Researchers from North Carolina State University have described rapid and dramatic clearing of low cloud cover off the southwest coast of Africa. This newly observed phenomenon could help climatologists understand how clouds affect Earth’s heating and cooling.
Warming water over the past 150 years is causing declining fish stocks in Lake Tanganyika, a large freshwater lake that supplies food for millions of Africans. PROVIDENCE, R.I. [Brown University] — A new study finds that a decrease in fishery … Continue reading →
By hightailing it to nearby ponds and shallow waterways, frogs and salamanders have – until now – had a way to evade exotic trout introduced to the West’s high-mountain lakes for recreational fishing. A warming climate, however, will dry up … Continue reading →
Jo Varner, University of Utah biology doctoral student, is currently conducting research on how small mammals like Pikas are coping with Earth’s warming climate. Her study is concentrated on Pikas in the Columbia River Gorge area in the U.S, which … Continue reading →
High-Fiber Salad Bar May Help Lagomorphs Survive Climate Change In some mountain ranges, Earth’s warming climate is driving rabbit relatives known as pikas to higher elevations or wiping them out. But University of Utah biologists discovered that roly-poly pikas living … Continue reading →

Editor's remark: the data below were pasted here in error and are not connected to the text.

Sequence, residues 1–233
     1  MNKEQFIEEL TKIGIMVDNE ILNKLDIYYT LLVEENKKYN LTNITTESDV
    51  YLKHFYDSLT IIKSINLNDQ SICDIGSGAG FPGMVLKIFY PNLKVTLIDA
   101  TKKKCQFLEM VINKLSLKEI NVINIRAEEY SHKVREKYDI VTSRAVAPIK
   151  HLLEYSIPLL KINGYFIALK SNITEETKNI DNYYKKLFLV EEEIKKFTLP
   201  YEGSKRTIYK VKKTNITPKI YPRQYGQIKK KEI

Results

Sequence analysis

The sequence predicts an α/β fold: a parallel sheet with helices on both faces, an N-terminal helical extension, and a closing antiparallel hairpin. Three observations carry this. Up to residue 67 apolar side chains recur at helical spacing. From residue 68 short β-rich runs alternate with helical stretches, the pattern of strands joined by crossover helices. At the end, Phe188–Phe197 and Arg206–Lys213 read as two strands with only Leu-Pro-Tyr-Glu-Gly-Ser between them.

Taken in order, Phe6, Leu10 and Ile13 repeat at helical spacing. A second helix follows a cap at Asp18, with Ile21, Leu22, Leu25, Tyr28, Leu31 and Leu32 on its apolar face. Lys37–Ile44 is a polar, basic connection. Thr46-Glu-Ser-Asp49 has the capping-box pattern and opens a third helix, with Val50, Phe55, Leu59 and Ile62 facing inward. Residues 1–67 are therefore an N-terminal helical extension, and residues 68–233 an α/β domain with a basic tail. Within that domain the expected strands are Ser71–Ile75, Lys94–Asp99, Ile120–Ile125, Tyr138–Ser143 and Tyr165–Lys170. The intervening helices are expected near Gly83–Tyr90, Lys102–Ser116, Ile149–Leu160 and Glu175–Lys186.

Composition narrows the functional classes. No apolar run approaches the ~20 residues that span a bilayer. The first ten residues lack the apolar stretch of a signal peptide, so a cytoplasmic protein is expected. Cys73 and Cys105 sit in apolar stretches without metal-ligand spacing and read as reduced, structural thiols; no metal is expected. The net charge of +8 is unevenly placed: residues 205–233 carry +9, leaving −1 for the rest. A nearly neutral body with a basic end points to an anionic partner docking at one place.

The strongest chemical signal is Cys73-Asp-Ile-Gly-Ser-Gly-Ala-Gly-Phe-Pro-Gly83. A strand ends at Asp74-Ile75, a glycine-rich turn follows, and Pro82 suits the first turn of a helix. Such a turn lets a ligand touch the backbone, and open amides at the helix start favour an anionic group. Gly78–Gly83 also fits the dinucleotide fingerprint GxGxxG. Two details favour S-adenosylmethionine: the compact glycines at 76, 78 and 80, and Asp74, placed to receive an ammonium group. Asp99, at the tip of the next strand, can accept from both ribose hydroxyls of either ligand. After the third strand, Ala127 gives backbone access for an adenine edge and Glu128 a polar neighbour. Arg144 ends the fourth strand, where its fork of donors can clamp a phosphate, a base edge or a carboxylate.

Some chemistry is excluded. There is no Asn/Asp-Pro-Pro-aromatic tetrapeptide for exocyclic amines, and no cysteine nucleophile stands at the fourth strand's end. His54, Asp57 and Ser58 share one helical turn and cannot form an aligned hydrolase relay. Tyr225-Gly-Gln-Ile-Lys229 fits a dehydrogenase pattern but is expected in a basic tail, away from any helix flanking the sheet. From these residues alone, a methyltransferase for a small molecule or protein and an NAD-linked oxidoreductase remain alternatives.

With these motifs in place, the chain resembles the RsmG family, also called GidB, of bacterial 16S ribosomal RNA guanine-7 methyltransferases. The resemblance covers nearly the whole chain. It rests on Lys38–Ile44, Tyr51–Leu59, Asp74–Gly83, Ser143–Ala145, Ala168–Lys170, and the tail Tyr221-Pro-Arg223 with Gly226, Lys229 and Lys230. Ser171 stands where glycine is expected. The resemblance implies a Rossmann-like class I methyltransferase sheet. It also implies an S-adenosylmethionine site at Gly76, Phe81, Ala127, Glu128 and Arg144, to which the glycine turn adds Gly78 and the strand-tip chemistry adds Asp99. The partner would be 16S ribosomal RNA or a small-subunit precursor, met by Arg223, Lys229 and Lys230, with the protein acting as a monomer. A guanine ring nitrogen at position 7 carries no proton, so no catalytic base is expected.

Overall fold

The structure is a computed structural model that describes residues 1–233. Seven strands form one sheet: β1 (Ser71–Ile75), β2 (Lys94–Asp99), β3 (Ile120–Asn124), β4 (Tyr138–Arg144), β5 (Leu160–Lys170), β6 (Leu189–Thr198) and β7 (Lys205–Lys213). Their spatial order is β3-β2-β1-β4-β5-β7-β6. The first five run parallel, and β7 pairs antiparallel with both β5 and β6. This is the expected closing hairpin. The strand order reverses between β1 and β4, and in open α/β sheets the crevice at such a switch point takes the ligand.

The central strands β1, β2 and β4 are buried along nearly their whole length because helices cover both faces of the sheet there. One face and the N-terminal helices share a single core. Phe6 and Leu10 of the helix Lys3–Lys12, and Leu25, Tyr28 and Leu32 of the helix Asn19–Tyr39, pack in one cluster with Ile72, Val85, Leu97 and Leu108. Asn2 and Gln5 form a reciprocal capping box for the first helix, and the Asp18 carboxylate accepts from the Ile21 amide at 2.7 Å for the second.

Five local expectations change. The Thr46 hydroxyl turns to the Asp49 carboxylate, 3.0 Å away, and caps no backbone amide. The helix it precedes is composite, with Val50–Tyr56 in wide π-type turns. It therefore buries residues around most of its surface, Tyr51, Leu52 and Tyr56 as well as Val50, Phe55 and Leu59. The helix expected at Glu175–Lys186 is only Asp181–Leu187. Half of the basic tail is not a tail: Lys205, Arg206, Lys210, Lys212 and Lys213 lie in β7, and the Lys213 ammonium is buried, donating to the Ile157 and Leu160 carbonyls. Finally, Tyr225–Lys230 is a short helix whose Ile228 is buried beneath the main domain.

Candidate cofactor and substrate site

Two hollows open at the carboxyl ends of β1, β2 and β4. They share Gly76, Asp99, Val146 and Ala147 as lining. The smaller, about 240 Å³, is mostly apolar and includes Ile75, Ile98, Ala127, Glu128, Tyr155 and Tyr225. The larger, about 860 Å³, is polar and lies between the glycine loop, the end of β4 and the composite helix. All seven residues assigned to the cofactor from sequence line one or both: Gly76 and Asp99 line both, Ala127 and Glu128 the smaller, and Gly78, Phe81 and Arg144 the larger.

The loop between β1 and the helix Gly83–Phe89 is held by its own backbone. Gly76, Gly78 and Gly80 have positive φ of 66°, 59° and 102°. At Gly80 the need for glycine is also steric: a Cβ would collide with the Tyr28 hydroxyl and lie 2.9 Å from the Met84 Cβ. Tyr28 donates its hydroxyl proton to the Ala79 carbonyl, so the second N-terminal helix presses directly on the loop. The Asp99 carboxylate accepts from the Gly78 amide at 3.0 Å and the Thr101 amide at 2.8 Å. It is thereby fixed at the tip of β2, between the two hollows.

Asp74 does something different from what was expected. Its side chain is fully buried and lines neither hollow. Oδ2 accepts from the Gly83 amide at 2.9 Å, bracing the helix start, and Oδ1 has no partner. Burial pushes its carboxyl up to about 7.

Millions of people across the world live or depend on deltas for their livelihoods. Formed at the lowest part of a river where its water flow slows and spreads into the sea, deltas are sediment-rich, biodiverse areas, a valuable source … Continue reading →
Narrow stripes of dirt and rock beneath massive Antarctic glaciers create friction zones that slow the flow of ice toward the sea, researchers at Princeton University and the British Antarctic Survey have found. Understanding how these high-friction regions form and … Continue reading →
Much attention is paid to melting sea ice in the Arctic. But less clear is the situation on the other side of the planet. Despite warmer air and oceans, there’s more sea ice in Antarctica now than in the 1970s … Continue reading →